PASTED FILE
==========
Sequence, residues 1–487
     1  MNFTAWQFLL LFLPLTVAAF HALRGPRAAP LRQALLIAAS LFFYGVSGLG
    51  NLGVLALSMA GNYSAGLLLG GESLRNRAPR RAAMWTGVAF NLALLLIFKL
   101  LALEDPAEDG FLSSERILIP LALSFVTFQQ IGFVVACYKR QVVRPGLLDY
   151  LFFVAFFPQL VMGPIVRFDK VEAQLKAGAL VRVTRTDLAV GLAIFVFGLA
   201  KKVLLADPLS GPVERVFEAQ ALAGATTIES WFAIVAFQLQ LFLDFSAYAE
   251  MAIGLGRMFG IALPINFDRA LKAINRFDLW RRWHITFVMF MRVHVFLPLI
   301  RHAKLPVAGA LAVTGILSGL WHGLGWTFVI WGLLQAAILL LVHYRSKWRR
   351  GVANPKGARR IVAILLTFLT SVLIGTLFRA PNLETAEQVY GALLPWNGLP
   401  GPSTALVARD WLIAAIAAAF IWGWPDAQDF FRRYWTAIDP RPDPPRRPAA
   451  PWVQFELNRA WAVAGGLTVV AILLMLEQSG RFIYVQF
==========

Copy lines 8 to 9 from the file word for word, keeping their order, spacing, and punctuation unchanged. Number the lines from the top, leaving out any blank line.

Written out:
   301  RHAKLPVAGA LAVTGILSGL WHGLGWTFVI WGLLQAAILL LVHYRSKWRR
   351  GVANPKGARR IVAILLTFLT SVLIGTLFRA PNLETAEQVY GALLPWNGLP